That is the uncomfortable conclusion to be drawn from the Hartlepool by-election and English local polls. It promises no good for the country or, indeed, the Tories. All governments need a strong alternative to keep their noses to the grindstone and self-indulgence at bay. It is, of course, true that the Tories are a broad church riddled with factions but its lust for power has kept it in government for 44 out of the 75 years since World War II.
In contrast, Labour has been fractious with the descendants of Methodism and Marx finding it hard to live together. Just think of the Bevanites, the unilateralist upheavals, the trade unions and the anti-Brexiteers preferring the essential socialism of the EU to self-governing independence. This raises the question whether Tory Remainers are in the right party.
On top of that it has acquired over its 31 years in office a reputation for financial incontinence, though never, it must be said, anywhere near as damaging to the national balance sheet as the Tories’ desperate and, to be fair, humanitarian handling of the Covid pandemic.
As if that wasn’t enough, it is seen as being ruled by a London metropolitan “elite” that had nothing in common with its bedrock – the horny-handed sons of toil – as demonstrated by the crumbling of the Red Wall in the North and Midlands.
That “elite” is a sucker for every wokery and political correctness of the indoctrinated (as distinct from educated) products of our universities.
Now Labour’s leader, Sir Keir Starmer, is gingerly and somewhat irresolutely trying to re-shuffle the party back to moderation after the mindless excesses of the Jeremy Corbyn era.
The odds are against him what with the unrepentant Corbynites and, as ever, his trade unions paymasters bent on class war whenever the opportunity arises.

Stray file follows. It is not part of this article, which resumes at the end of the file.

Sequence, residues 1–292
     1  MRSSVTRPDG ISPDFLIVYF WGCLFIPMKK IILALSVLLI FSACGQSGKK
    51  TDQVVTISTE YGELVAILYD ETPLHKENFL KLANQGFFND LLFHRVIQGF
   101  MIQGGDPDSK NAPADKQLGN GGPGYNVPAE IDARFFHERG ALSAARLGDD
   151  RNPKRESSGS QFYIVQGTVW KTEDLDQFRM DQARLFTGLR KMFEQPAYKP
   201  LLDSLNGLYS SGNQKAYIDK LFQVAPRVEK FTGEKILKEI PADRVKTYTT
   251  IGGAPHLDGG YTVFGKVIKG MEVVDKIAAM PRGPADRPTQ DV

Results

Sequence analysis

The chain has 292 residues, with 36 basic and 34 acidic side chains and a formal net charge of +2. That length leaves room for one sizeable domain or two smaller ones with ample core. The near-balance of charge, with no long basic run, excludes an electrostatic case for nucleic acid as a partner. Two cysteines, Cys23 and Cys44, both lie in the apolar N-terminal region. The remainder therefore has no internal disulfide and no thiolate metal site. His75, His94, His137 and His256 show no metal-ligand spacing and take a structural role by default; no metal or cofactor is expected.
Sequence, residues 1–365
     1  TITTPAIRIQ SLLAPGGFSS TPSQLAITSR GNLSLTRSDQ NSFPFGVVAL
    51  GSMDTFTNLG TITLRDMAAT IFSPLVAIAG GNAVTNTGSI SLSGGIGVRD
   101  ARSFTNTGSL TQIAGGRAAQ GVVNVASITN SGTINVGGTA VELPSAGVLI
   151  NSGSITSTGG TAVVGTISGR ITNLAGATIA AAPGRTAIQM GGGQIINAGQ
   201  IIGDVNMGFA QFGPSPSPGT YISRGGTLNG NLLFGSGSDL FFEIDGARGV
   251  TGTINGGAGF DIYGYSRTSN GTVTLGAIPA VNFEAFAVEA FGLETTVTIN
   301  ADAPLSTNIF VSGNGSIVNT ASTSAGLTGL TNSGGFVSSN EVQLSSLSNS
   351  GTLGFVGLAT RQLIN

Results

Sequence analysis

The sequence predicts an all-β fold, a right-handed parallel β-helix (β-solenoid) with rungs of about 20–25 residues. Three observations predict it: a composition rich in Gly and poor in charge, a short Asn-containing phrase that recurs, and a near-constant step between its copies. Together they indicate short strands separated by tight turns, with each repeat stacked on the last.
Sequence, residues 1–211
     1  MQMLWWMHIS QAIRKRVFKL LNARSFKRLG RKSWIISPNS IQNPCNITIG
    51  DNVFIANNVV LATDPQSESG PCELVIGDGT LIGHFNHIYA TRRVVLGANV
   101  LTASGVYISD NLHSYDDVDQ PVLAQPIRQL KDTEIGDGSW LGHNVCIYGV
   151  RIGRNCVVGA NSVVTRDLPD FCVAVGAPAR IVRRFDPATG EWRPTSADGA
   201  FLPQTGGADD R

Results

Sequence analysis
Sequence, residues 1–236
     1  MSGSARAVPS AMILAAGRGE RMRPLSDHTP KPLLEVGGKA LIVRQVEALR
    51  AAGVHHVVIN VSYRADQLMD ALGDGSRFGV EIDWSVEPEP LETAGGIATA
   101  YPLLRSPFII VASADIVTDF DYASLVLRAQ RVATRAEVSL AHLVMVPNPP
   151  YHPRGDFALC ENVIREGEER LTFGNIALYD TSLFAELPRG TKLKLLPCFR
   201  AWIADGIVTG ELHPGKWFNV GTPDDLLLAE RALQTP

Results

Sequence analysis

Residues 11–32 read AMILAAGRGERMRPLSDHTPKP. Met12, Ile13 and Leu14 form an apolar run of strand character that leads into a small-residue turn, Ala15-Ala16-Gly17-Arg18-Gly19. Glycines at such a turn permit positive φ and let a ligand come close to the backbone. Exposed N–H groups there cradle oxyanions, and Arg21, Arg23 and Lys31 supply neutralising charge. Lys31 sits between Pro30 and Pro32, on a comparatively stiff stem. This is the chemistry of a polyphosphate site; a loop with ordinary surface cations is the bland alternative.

Nor can he appeal to the party conference since, courtesy Ed MIliband’s introduction of a £3 membership fee, it is riddled with hard Left entryism.
Sir Keir must feel he is living in a cage hemmed in on all sides not just by an iron mesh but also by predators lurking above him and on all four sides.
No political party has, of course, the right to eternity. It has at least to seem relevant to the age in which it finds itself. But where is an alternative that has a sporting chance of succeeding Labour?
The Greens? Don’t make me laugh. They are merely green-washed socialists obsessed with climatic doom. The Liberals? Why do they still exist, except as a potential makeweight in a coalition? And after the obstructionism of Sir Nick Clegg in coalition with the Tories from 2010-15, only a fool would touch them.
And even the Monster Raving Loony Party can look more rational than the host of minorities telling us how we should lead our lives and mind our language.
Fancy our much-vaunted democracy being reduced to this. It is clear what is needed in any party that is going to be of any use to the British people – and the world.
The essentials are:
1 - a plan for economic recovery, job creation and innovation and making a success of Brexit;
2 – holding the UK together in the face of the prevailing nationalist secessionism;
3 – social, managerial and behavioural reform across the board; and
4 – priming our defences against the threats from Russia, China, North Korea and Iran.
That summary puts Labour’s and Sir Keir’s plight in depressing perspective. It is why we are in danger of becoming a multi-party state with only one electable option.
But lying behind the essentials lies an opportunity waiting to be grasped. Our way of life is under threat from within. The right to demonstrate peacefully is ritually abused. Look at Manchester United fans’ violence in trying to rid themselves of the club’s American owners.
Knife crime among the youth is an appalling blot on Britain. Our children are under siege from drug gangs and the internet’s anti-social media is allowed to corrupt at will. Parental responsibility seems to be woefully lacking.
All this would outrage Labour’s pioneers whose ambition to liberate the ordinary folk was driven by self-improvement, discipline and personal responsibility.
If Labour could return to its motivating roots, it would put itself in the way of the perhaps inevitable reaction against today’s lawlessness and hedonism.. Just think of what followed 18th century debauchery: 19th century puritanism.
You may well consider there is not a cat in hell’s chance of Labour finding inspiration in its ancestors. If so, Britain is in a pickle. You have been warned.